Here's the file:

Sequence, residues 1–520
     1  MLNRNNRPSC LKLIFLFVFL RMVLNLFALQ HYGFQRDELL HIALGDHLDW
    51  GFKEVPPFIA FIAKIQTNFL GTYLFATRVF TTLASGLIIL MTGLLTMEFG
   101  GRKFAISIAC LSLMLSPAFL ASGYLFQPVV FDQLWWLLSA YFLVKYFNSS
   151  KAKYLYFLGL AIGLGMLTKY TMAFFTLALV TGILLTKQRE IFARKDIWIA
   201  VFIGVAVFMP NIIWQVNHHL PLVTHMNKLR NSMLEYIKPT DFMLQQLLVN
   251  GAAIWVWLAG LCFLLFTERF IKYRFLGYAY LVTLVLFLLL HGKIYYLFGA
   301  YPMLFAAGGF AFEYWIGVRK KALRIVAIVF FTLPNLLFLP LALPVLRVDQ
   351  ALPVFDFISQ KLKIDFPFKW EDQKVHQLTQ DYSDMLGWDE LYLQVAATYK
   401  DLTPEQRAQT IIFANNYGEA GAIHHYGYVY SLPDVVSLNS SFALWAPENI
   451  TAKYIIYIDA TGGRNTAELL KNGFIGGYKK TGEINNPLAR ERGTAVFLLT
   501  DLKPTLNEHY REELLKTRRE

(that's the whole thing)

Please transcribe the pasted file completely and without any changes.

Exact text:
Sequence, residues 1–520
     1  MLNRNNRPSC LKLIFLFVFL RMVLNLFALQ HYGFQRDELL HIALGDHLDW
    51  GFKEVPPFIA FIAKIQTNFL GTYLFATRVF TTLASGLIIL MTGLLTMEFG
   101  GRKFAISIAC LSLMLSPAFL ASGYLFQPVV FDQLWWLLSA YFLVKYFNSS
   151  KAKYLYFLGL AIGLGMLTKY TMAFFTLALV TGILLTKQRE IFARKDIWIA
   201  VFIGVAVFMP NIIWQVNHHL PLVTHMNKLR NSMLEYIKPT DFMLQQLLVN
   251  GAAIWVWLAG LCFLLFTERF IKYRFLGYAY LVTLVLFLLL HGKIYYLFGA
   301  YPMLFAAGGF AFEYWIGVRK KALRIVAIVF FTLPNLLFLP LALPVLRVDQ
   351  ALPVFDFISQ KLKIDFPFKW EDQKVHQLTQ DYSDMLGWDE LYLQVAATYK
   401  DLTPEQRAQT IIFANNYGEA GAIHHYGYVY SLPDVVSLNS SFALWAPENI
   451  TAKYIIYIDA TGGRNTAELL KNGFIGGYKK TGEINNPLAR ERGTAVFLLT
   501  DLKPTLNEHY REELLKTRRE